Red noses and white Christmases

Walk into any mall this week and you'll hear Bing oozing out of the sound system. Sleigh bells and dreams of white snow seem to be on his mind. "Let it snow, let it snow," the next song suggests helpfully. And Rudolph is not far behind with his glowing nose to guide you through the oncoming blizzard.

Thoughts of chestnuts roasting on an open fire remind you that even if the weather outside is frightful, you'll soon be rushing home with all your treasures to the ring-a-ling of silver bells in the city. Which could be quite comforting if you live in, say, Birmingham, Ala.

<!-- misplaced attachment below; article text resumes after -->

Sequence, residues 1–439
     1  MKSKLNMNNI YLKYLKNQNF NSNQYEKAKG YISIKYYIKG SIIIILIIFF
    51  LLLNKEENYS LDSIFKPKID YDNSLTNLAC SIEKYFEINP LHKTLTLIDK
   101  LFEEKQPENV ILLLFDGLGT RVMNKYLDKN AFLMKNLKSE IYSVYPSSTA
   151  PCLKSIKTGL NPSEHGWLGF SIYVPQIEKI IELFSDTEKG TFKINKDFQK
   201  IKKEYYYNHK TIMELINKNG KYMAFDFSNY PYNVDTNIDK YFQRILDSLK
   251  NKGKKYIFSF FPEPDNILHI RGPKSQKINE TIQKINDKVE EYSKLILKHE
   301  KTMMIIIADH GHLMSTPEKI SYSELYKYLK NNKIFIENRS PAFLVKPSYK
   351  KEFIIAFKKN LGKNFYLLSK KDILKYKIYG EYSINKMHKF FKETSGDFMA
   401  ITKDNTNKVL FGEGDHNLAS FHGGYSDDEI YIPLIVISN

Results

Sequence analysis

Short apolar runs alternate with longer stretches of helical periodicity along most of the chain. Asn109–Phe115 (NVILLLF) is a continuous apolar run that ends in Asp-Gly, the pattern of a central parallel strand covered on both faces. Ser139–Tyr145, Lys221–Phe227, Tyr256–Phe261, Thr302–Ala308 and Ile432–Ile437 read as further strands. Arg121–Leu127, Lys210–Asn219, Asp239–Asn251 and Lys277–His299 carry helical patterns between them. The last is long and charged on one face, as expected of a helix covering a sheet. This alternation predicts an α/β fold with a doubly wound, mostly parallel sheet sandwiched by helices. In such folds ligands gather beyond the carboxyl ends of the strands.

It's the quintessential American Christmas.

Most of this seasonal crooning began in the 1930s and '40s and formed the first real break from the old English traditions and Anglophile nostalgia for things Victorian. Dickensian was out; perky and secular were in.

Jody Rosen's new book, "White Christmas: The Story of an American Song," (see review) looks at the history of a song that sped up this independence movement and helped America create its own unique style of celebration.

When Bing Crosby recorded Irving Berlin's "White Christmas" in 1942, "Christmas music had not yet emerged as a viable pop genre," Rosen writes. But ironically, it was talented Jewish songwriters of the era, with a knack for spotting a trend and a desire to fit in, who wrote some of the best-known Christmas songs.

Christmas movies followed in the 1940s and '50s and the kitsch and commercialism of the season came tumbling after.

When the song "White Christmas" was released during World War II, it started the ball rolling on a very American Christmas.

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